By: Mat Roberts
On Wednesday, Jan. 29, at 7 p.m., the Athena Cinema will screen Bitter Seeds, the final film in Micha X. Peled’s Globalization Trilogy, following Store Wars: When Wal-Mart Comes to Town and China Blue. Before you see this film, let’s look at the seed.
Once the flagship node of the world’s biodiversity realm, the seed has been forced to a place of manipulation and modification. Back in the day, farmers would save seeds from the summer harvest and prepare to fill their greenhouses upon the first trickle of spring. Though this traditional practice is still used across the globe, we have seen some wild changes to agriculture. The current globalized agriculture system, in partnership with many bio-engineering firms, is changing the definition of food, and many people are starting to get worried.
Genetically modified organisms (GMOs) are changing the way food is grown. Traditionally, farmers used natural breeding to achieve desired traits. According to the Organic Consumers Association (OCA), GMOs are created by shooting genes from a “gene gun” into a plate of cells or by using bacteria to invade the cell with foreign DNA. The altered cell is then cloned into a plant. These genetically modified crops demand heavy use of pesticides and herbicides. This degrades the soil, thus producing a necessary cycle of creating stronger breeds of seeds capable of succeeding in a space nearly void of any other life.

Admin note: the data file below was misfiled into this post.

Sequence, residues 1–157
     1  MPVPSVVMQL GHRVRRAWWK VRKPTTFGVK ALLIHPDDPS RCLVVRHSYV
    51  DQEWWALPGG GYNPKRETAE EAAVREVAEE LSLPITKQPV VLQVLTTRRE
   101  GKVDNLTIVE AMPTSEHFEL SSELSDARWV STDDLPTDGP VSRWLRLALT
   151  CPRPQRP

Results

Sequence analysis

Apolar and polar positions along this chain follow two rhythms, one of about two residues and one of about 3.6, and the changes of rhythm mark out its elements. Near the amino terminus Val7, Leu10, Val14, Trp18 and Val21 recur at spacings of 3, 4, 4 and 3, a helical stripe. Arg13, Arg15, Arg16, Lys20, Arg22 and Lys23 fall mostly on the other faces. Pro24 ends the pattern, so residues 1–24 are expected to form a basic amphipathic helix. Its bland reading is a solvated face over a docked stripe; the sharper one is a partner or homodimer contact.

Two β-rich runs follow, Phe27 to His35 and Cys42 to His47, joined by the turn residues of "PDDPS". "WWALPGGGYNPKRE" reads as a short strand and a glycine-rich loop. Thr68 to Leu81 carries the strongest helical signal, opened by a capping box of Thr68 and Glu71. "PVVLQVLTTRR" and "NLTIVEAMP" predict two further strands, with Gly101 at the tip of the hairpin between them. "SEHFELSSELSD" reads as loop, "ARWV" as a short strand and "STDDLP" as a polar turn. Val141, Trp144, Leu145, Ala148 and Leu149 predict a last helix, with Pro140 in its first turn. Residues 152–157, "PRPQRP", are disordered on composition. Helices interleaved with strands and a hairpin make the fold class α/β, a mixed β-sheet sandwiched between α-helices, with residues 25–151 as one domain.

As the industrial agriculture system continues to grow, the farther we seem to be from our evolutionary roots. Small-scale farmers around the globe are being forced to grow GMO crops or perish in the effort to keep up with the production of large-scale farms and the demands of grocers.
Some argue that genetic modification feeds the world and is able to adapt to climate change. Some argue that a switch to small-scale operation organic farming will reduce carbon emissions and the degradation of conventional farming, and reshape the American economy to a resilient state. Regardless of what side of the argument one falls on, we still need food. The point I want to make goes beyond the debate. Genetically modified foods were introduced into processed foods at least 15 years ago. The fact that we are living experiments for a new form of food is true, but there is another issue at hand: the loss of diversity.
The loss is what troubles me. I’m an organic consumer (primarily), but understanding the dynamics of biodiversity touches me on a whole new level of my personal values and beliefs. When Janisse Ray, advocate for a seed-saving revolution, visited Ohio University last semester, I was heartbroken to hear the truth. Ray noted in her book that big agriculture business operates with a 94 percent reduction in seed diversity compared to traditional farming methods. We have already lost so many seeds our Earth accepted into its soils and ecosystems.
The need for a conversation about food has never been more urgent.
Come learn more about how GMOs are affecting our world by watching Bitter Seeds. Admission is free.
More information on GMOs here: